Regional hospitals overrun with patients

Coronavirus

HOLLAND, Mich. (WOOD) — As Michigan’s biggest health systems remain full, administrators of smaller hospitals say they are being overrun with patients of many different illnesses, not just the coronavirus.

Joe Bonello, who serves as vice president and chief nursing officer at Holland Hospital, says they are at maximum capacity, with 40% of their beds occupied by COVID-19 patients. Right now, a true and tried solution of taking patients to another hospital is not working.

“During normal times, we routinely transfer patients among the different hospitals in the regions, regardless of what system you’re affiliated with. So, normally that’s not a challenge for us. The challenge right now isn’t we’re out of system with any of the other regional hospitals,” Bonello said. “There is no ability to transfer a patient from one hospital to another. If you’re full and you have a patient who needs to be admitted, there’s no place else to send them, because everybody’s in the same condition as we are.”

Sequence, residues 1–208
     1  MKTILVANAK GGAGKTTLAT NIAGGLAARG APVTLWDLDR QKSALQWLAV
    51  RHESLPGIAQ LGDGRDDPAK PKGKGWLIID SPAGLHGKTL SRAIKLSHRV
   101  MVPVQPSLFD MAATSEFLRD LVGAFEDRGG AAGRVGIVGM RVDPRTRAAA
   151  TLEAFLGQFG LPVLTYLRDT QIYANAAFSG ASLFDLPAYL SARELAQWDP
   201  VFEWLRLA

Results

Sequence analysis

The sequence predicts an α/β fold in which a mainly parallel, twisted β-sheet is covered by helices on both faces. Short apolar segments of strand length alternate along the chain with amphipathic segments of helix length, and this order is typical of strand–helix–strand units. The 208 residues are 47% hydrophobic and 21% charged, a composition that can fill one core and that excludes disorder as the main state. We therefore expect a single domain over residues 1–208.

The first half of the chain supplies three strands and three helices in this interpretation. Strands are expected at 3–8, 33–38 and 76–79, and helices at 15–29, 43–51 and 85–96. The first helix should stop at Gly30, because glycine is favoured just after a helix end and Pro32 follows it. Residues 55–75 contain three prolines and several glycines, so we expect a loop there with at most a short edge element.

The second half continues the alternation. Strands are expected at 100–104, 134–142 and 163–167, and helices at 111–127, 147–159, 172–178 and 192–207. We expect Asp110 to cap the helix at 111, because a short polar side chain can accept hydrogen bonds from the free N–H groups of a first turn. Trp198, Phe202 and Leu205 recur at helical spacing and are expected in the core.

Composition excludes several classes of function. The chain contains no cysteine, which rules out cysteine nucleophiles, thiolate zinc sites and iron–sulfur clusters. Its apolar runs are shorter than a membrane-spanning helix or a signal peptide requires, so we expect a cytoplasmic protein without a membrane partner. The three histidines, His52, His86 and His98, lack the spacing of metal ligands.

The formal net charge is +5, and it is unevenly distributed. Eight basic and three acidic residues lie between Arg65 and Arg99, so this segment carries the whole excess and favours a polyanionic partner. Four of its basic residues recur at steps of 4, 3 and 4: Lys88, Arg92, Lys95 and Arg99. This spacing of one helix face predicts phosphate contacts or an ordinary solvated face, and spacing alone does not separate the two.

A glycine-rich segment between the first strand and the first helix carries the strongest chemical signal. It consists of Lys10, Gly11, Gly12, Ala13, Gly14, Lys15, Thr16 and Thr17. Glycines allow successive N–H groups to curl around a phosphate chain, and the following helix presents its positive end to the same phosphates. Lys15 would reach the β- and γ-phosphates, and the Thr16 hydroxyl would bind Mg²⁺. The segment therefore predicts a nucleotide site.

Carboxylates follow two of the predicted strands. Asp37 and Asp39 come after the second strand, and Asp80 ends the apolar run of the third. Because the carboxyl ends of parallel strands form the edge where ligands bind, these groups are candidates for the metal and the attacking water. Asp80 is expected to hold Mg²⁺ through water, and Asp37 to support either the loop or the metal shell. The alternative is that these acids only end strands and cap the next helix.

For many weeks, Spectrum Health administrators say their regional hospitals are at or near 100% occupancy, including their emergency departments. Senior Vice President of Hospital Operations, Chad Tuttle, explains they try to closely coordinate with EMS agencies for transfers as efficiently as possible, but it’s not always available.

“In those cases, we do support hospitals like Pennock and other regional hospitals with virtual provider support. In many cases, we provide some actual staffing support, as well, where we’ve redeployed the staff to make sure that we can always provide a safe level of care,” Tuttle said. “We remain very open for business, but very, very busy.”

Both administrators say a chief indicator of whether the situation will improve any time soon is the COVID-19 positivity rate. As of Wednesday, Michigan’s positivity rate is around 18% amid a climbing rate, according to state data.

“The positivity rate is one of the best indicators that we have based on what our prior experience has been in earlier surges,” Bonello said. “We know that the hospitalization rate tends to follow the positivity rate by a couple of weeks. So, we watch that carefully to see if that starts coming back down.”

Bonello and Tuttle also urge the public to not wait on any checkups, visits or routine treatment with their doctors to not increase any chances on having to wait at an ER during a severe emergency.

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